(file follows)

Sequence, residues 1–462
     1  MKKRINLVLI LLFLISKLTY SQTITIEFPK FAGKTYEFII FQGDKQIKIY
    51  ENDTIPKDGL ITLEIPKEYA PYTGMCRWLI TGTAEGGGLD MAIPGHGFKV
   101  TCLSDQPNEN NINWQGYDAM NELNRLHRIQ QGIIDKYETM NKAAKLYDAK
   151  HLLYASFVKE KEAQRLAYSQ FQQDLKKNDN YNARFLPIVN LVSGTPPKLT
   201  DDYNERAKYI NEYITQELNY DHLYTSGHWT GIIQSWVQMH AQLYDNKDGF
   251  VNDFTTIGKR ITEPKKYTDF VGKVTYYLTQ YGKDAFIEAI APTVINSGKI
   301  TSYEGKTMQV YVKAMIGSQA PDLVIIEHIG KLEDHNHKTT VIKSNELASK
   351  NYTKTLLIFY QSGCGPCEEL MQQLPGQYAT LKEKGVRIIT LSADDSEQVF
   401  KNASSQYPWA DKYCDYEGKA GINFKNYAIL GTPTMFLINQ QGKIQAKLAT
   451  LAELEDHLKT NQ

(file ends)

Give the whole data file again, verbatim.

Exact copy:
Sequence, residues 1–462
     1  MKKRINLVLI LLFLISKLTY SQTITIEFPK FAGKTYEFII FQGDKQIKIY
    51  ENDTIPKDGL ITLEIPKEYA PYTGMCRWLI TGTAEGGGLD MAIPGHGFKV
   101  TCLSDQPNEN NINWQGYDAM NELNRLHRIQ QGIIDKYETM NKAAKLYDAK
   151  HLLYASFVKE KEAQRLAYSQ FQQDLKKNDN YNARFLPIVN LVSGTPPKLT
   201  DDYNERAKYI NEYITQELNY DHLYTSGHWT GIIQSWVQMH AQLYDNKDGF
   251  VNDFTTIGKR ITEPKKYTDF VGKVTYYLTQ YGKDAFIEAI APTVINSGKI
   301  TSYEGKTMQV YVKAMIGSQA PDLVIIEHIG KLEDHNHKTT VIKSNELASK
   351  NYTKTLLIFY QSGCGPCEEL MQQLPGQYAT LKEKGVRIIT LSADDSEQVF
   401  KNASSQYPWA DKYCDYEGKA GINFKNYAIL GTPTMFLINQ QGKIQAKLAT
   451  LAELEDHLKT NQ